Virginia Gov. Glenn Youngkin works in the old Governor's office at the Capitol Wednesday March 2, 2022, in Richmond, Va. (AP Photo/Steve Helber) Glenn Youngkin
Virginia Gov. Glenn Youngkin works in the old Governor's office at the Capitol Wednesday March 2, 2022, in Richmond, Va. (AP Photo/Steve Helber)

It’s been a busy first year for the Virginia governor. Let’s rewind.

Sunday, Jan. 15, marks one year since Republican Gov. Glenn Youngkin assumed office in Virginia—and what a year it has been. Between COVID-19, divisive education policy, and campaigning in other states, Virginia’s governor has kept himself busy–but not always with the business of governing. Here’s a look back at Gov. Youngkin’s first year in office, starting from the very beginning. 

Youngkin’s actions have been watched closely since his defeat of Democrat Terry McAuliffe in 2021. Youngkin (and his GOP ticket-mates for lieutenant governor and attorney general) became the first Republican to win statewide office in the commonwealth since 2009 and ended Democrats’ eight-year hold on the governorship. 

Youngkin didn’t waste any time putting his GOP stamp on the office. Within two days of taking office, he signed eleven new executive orders. One of the most notable executive orders was the one that removed masking requirements in schools across the state. Several Virginia school districts, however, said at the time that their masking policies would remain in place, including three huge school districts in Northern Virginia. 

In addition to rescinding masking requirements, Youngkin also signed executive orders that ended the COVID-19 vaccine mandate for state employees, withdrew from the Regional Greenhouse Gas Initiative, and of course, banned Critical Race Theory in public education (despite the fact that it’s not actually a part of state educational curriculum). The governor also created a tip line for parents to report teachers who bring up “divisive” topics in the classroom, such as Critical Race Theory and the history of systemic racism in the United States. In April 2022, The Washington Post, along with a dozen other media outlets, sued Youngkin over his administration’s refusal to release the records from that tip line. In November 2022, Youngkin’s administration released just 350 emails–likely just a tiny fraction of these tips–that came in through the tip line in order to settle the lawsuit. In September 2022, Youngkin’s tip line was quietly shut down without explanation.

Youngkin’s first legislative session saw little of his agenda advance, as the Democratic majority in the state Senate blocked many of the proposals that made their way out of the Republican-controlled House. A few months after his largely ineffectual session, Youngkin left the commonwealth for Michigan, where he campaigned for Trump-endorsed Tudor Dixon. Youngkin’s travel schedule continued to ramp up ahead of the 2022 midterms, and he seemed to be spending less and less time in the commonwealth as Election Day approached. His fall travel schedule included visiting seven other states: Connecticut, Georgia, Kansas, Maine, Nevada, New Mexico, and Oregon. His trip to Maine included campaigning for former Gov. Paul LePage, who has said that he was “Donald Trump before Donald Trump became popular.” Given LePage’s racist track record, which includes telling attendees of a town hall that the vast majority of drug dealers in Maine were Black or Hispanic and condemning the ACLU of Maine for raising concerns about racial profiling, that would appear to be true.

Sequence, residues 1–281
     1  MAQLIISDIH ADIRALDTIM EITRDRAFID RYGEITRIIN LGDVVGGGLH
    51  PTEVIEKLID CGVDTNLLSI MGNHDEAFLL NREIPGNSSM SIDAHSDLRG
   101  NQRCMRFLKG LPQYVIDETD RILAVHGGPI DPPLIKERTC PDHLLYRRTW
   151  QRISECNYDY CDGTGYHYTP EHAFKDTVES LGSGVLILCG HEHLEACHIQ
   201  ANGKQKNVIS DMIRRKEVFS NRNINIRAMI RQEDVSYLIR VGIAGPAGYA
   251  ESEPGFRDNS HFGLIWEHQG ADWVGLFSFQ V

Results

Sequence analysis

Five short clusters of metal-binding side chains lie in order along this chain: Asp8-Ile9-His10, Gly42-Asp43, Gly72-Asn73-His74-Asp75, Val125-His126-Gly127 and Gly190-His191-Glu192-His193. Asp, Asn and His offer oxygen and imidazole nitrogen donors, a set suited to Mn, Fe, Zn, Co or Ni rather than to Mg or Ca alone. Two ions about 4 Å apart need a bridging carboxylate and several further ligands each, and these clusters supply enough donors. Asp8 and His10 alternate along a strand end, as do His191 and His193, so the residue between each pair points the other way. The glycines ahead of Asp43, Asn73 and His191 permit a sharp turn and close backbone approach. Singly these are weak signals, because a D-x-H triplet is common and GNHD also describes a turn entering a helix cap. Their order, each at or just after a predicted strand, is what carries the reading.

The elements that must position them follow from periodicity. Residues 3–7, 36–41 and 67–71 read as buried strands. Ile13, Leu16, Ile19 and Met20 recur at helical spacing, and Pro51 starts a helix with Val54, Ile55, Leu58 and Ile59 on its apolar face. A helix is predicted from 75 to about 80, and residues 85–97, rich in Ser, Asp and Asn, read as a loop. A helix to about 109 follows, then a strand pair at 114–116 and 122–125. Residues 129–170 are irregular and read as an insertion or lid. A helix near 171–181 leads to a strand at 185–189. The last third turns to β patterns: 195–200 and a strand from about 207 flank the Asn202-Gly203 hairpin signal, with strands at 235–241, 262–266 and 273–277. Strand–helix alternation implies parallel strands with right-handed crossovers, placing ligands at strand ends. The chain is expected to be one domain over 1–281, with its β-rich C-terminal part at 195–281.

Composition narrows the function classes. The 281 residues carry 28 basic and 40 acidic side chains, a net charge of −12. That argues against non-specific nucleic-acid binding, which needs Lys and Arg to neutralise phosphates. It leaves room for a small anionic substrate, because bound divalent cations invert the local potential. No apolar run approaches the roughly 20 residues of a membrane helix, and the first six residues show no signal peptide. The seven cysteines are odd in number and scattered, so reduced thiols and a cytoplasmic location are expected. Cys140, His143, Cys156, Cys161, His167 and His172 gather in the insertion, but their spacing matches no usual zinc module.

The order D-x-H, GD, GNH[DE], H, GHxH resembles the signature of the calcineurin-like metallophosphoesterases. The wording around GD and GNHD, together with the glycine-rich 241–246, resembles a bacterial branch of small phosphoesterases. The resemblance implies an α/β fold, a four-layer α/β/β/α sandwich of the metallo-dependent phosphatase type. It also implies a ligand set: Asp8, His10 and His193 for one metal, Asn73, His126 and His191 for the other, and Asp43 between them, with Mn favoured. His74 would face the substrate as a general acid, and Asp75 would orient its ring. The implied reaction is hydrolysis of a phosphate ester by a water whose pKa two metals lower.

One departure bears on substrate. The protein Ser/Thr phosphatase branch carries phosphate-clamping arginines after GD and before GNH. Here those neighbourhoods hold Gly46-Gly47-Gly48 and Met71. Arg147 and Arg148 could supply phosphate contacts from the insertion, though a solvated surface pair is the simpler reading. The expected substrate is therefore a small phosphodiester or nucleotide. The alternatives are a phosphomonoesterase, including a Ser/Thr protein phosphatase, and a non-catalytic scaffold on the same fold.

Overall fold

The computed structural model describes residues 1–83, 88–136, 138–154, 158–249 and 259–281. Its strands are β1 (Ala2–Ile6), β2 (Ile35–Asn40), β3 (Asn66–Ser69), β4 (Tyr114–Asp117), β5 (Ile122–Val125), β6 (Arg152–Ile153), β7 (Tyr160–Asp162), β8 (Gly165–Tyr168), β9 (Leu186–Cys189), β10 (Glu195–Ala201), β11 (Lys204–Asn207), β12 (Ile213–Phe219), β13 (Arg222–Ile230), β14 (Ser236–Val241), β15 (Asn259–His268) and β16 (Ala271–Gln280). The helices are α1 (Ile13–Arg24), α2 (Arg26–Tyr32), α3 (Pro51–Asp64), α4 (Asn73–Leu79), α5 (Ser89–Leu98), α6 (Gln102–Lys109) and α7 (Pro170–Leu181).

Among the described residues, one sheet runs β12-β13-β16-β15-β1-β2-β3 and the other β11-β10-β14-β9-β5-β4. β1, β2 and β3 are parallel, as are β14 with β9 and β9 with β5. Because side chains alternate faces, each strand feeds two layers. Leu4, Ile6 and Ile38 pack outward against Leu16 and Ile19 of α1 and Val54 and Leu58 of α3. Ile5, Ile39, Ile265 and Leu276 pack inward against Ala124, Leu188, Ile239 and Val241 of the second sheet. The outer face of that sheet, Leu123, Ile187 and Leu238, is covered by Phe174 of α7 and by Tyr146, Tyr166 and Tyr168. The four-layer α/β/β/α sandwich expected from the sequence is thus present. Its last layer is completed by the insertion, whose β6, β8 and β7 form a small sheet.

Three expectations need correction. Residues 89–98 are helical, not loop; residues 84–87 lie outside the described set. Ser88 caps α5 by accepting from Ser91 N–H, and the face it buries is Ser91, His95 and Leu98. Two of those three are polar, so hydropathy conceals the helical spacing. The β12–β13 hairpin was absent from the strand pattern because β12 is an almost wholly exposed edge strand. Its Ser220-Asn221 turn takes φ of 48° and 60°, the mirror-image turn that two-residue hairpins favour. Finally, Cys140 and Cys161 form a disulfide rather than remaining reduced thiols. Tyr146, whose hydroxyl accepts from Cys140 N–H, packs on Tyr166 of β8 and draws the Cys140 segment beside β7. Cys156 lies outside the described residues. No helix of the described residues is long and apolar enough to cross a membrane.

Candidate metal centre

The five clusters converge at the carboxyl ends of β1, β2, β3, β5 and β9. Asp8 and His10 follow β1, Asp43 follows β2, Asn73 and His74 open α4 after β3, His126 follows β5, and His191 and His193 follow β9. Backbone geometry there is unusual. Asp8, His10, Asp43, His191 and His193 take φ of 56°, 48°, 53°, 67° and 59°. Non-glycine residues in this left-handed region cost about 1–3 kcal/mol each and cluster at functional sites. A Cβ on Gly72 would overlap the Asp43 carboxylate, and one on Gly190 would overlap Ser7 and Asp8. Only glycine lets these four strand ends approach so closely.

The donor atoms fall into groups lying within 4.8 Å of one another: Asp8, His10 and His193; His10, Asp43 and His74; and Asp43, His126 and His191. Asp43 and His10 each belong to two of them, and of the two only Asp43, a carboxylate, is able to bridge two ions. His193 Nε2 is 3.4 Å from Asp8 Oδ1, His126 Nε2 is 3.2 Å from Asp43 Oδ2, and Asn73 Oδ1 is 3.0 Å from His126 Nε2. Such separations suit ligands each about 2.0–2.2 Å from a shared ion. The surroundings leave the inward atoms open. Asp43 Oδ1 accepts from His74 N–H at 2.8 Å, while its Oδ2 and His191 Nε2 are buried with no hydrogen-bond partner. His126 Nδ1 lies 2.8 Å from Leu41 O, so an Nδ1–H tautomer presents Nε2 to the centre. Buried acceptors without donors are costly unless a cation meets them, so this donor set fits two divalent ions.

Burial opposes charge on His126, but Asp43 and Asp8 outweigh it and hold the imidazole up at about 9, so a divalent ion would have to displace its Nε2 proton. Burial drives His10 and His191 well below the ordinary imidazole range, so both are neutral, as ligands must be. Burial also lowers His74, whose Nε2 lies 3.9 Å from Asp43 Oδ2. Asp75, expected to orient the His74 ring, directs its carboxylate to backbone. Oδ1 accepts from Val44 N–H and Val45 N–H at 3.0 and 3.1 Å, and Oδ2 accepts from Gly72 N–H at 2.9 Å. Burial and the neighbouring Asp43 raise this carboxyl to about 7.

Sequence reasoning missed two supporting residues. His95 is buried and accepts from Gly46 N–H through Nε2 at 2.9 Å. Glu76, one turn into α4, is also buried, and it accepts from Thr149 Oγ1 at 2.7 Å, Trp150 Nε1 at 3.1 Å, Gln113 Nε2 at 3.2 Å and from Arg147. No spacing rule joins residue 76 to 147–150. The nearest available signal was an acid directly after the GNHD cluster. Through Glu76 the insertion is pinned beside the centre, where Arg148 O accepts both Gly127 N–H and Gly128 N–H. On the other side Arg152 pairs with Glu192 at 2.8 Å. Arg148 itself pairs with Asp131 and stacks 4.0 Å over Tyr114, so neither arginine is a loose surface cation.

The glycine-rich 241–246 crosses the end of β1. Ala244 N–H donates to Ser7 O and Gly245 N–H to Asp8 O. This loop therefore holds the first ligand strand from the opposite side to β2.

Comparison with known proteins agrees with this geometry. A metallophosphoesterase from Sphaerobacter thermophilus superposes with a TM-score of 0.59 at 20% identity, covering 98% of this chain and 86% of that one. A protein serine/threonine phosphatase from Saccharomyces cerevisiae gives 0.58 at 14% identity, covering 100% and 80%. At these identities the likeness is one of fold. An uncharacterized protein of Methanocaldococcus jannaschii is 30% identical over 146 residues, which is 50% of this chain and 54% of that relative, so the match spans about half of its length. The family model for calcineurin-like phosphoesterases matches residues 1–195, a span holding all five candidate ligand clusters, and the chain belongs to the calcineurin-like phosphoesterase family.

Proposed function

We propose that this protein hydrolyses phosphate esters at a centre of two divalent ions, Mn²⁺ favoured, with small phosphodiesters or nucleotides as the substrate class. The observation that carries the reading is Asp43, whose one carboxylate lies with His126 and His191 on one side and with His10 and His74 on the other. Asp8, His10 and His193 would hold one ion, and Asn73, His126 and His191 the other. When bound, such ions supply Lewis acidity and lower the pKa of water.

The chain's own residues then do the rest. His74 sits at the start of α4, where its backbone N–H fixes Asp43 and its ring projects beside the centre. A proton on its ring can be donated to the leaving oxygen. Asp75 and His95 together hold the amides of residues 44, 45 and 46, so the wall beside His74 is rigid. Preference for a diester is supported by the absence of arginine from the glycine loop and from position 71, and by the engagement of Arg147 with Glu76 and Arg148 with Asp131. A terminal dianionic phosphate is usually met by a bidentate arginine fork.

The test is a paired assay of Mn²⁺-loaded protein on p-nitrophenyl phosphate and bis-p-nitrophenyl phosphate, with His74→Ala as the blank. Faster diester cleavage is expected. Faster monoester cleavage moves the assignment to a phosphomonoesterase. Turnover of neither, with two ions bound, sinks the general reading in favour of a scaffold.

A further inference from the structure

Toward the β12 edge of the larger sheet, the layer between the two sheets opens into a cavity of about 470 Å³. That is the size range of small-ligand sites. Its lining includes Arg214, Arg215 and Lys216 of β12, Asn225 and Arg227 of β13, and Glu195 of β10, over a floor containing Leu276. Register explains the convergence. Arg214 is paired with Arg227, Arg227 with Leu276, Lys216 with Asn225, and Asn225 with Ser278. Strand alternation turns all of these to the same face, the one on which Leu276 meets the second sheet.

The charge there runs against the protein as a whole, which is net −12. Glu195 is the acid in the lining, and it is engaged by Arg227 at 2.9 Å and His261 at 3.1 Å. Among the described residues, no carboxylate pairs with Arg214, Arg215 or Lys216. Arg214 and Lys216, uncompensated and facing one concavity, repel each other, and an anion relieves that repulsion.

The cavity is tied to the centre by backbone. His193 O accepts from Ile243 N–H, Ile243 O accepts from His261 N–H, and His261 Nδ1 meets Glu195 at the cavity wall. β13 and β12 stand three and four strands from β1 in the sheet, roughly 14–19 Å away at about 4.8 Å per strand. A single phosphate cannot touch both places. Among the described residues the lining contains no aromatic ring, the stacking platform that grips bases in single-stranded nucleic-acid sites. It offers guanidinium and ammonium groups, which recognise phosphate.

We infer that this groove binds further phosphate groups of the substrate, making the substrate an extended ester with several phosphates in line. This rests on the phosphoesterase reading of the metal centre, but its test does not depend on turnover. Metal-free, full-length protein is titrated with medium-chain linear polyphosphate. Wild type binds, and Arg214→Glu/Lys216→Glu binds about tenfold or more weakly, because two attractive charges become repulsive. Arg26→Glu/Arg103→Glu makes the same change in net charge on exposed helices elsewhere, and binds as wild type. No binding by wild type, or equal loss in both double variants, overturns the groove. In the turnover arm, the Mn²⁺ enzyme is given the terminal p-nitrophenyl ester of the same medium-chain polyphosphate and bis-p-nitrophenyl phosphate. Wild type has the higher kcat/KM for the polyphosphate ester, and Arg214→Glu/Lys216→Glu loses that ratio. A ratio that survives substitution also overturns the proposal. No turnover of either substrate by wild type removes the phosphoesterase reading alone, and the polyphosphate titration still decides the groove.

Youngkin’s travels also included a trip to Arizona to campaign for election-denying gubernatorial candidate Kari Lake, another Trump-endorsed candidate, and a trip to Georgia, where GOP Gov. Brian Kemp was running for re-election. It’s worth noting that many of these MAGA Republican, Trump-endorsed candidates that Youngkin campaigned for lost big in the November midterms

About a week later, the Virginia State Board of Education, with a majority appointed by Youngkin himself, voted unanimously to reject a revised version of the state’s K-12 history standards proposed by his administration after public uproar and a scathing response from critics both in Virginia and across the United States who called the new draft a “whitewashing of history.” 

Youngkin ended his first year in office on a losing note just this past Tuesday: Democrat Aaron Rouse prevailed in the special election to represent District 7 in the Virginia state Senate, defeating Republican Kevin Adams. Rouse’s win is not only a win for Democrats, but it’s also a victory for reproductive rights: Youngkin has proposed a ban on abortion after 15 weeks of pregnancy, and while Democrats hold a slim majority in the state Senate, every member counts. Rouse told both The Virginian-Pilot and Daily Press last month that protecting abortion access would be one of his top priorities. 

Youngkin’s behavior during his first year in office suggests his focus is divided between Virginia’s future and his own: he’s aligning himself with MAGA Republicans and clearly attempting to make himself known among Republicans in states besides the one he actually runs. Plus, he’s said that he hasn’t yet ruled out a 2024 presidential bid–never mind that Virginians elected him to serve his full, single term, which doesn’t end until January 2026.